When I was a young law student, my trial professor told us to go watch Melvin Belli who was in trial in Los Angeles. I was impressed; he had boots and long hair and a spiffy suit, and he bellowed at the jury. later, the professor asked us what he thought. Someone said he was gong to try to emulate Belli. The professor told him that if he did, he’d be a resounding failure.

    A candidate, like a trial lawyer, has to be him or herself. A tightly controlled candidate cannot win an election that is based upon personalities. Not all are, but if the race is down to the candidates, and the money, the organizations and the issues are not dominant, the candidate has to be free to be her or himself.

  4. Shelly,
    I remember having the same reaction when watching that debate – that Romney got sandbagged when Crowley inserted herself as arbiter by appearing to “set the record straight” on Benghazi. But I’m not sure how important that was in the long run – most of the forecast models (but not all) gave a slight edge to Obama on the basis of the admittedly uneven economic growth on his watch as well as the fact that he was the incumbent. I’m more skeptical than you that Romney’s (or his staff’s) failings doomed his bid. But it is a point worth debating.

  5. Actually, I’d be willing to pay a considerable cost in efficiency to prevent a digital team from tweeting spontaneously in my name. I really have no problem with that.

  6. Scott,

    Good point. In fact, the Romney team (according to the campaign aides I talked to) did have a vetting process in place to make sure no tweets went out without prior approval. But the process (I am told) involved 3-4 high-level aides – not 22 – which presumably entails a slightly lower loss in efficiency. I suspect the Obama team had a similar process in place to prevent unvetted tweeting.

  7. How about just doing it yourself? Then, it will smack of authenticity.

    People know the difference between real and artificial.

  8. Shelly – By “yourself”, do you mean the candidate? Presumably any authorized “tweet” reflects the candidate’s views, yes? And presumably candidates want the benefit of their aides’ input and expertise before putting out any message? I’m not sure soliciting and incorporating that input necessarily makes the end product less authentic, does it?

  9. Allow aides to make recommendations to you and post yourself. This is not nuclear science.

    Sophisticated software allows us to input verbally or with a smart phone; just do the actual post yourself.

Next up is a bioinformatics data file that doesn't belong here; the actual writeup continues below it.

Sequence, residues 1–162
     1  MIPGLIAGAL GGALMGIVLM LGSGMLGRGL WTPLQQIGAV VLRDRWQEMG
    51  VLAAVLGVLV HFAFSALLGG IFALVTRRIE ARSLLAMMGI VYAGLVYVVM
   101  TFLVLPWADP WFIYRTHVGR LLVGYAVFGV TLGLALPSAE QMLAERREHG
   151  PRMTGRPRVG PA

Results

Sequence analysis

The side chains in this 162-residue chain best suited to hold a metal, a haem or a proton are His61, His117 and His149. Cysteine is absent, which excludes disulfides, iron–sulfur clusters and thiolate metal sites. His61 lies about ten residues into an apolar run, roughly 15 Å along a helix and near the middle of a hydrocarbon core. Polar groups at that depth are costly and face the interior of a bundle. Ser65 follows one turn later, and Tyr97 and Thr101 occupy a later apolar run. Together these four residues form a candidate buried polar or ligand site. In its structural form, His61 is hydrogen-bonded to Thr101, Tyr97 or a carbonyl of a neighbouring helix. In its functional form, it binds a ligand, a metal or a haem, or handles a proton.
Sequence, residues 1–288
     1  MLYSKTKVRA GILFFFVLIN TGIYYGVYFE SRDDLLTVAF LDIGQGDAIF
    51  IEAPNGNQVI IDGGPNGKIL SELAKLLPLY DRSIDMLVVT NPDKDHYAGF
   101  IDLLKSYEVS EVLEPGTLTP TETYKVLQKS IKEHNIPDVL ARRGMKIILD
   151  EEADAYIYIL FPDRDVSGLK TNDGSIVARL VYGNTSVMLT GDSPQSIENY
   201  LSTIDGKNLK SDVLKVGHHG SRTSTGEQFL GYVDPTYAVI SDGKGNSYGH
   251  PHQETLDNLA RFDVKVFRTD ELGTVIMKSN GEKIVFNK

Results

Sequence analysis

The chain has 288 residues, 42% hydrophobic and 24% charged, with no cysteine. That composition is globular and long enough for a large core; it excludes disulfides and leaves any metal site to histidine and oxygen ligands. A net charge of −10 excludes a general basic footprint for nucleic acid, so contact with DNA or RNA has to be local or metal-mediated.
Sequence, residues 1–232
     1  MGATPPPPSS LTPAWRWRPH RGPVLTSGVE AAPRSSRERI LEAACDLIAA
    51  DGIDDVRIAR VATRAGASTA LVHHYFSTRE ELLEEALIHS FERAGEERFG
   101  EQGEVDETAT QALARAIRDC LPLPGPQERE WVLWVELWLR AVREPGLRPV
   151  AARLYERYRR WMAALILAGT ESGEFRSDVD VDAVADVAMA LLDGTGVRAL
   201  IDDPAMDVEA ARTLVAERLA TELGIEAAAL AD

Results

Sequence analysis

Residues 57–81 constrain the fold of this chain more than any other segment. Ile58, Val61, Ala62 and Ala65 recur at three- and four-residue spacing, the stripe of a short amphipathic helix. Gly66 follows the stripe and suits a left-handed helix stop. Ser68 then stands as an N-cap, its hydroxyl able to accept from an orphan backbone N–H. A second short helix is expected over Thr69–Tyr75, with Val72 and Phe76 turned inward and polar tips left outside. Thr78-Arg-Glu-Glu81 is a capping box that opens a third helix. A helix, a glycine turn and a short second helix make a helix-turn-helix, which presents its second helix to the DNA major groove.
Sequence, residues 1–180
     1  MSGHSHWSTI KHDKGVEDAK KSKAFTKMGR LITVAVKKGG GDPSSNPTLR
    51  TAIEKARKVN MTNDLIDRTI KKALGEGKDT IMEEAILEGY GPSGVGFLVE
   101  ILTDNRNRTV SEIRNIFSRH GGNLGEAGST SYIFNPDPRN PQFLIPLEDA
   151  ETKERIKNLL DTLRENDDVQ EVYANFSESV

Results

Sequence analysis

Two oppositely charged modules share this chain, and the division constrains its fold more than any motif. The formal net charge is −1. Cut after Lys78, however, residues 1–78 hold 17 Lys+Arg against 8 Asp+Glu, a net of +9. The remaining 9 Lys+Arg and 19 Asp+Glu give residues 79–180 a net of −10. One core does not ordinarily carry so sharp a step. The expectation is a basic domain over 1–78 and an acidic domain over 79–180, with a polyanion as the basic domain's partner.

Eliminate the smart young guys/gals who get you into trouble; less tweets, but more authentic. People might really look at them instead of ignoring them because they know it is just aides posting under the candidates’ names.

  10. Why bother with a tweet at all, when its authorship is so supect? Live TV beats Twitter anytime.

  11. Jack,

    I suppose one way to look at the use of social media, including tweets, is that it is similar to other forms of presidential communication, like speeches. So, when FDR proclaims a “New Deal”, or JFK tells us “Ask not….”, etc., we are never sure if those are their words, or Raymond Moley’s or Ted Sorenson’s. But we assume they reflect the president’s sentiments. So, if a tweet comes from the Romney campaign, we have to assume he’s approved it, even if he hasn’t written it. Of course, some authors of tweets are readily identifiable by their specific twitter handles. When I get a tweet from VJ44, I assume it is from Valerie Jarrett (or her staff). Keep in mind that there are times, such as in a presidential debate, where campaigns are tweeting furiously on behalf of the candidates who are debating. So they can be an efficient means of communication, as long as they aren’t complicating or undercutting the candidate’s message. The issue, it seems to me, is how to take advantage of social media as efficiently as possible. Candidates have to exercises some top-down control so that everyone stays on message, but not to the extent that the process gets bogged down to the degree that it undercuts the utility of using social media as a communication channel.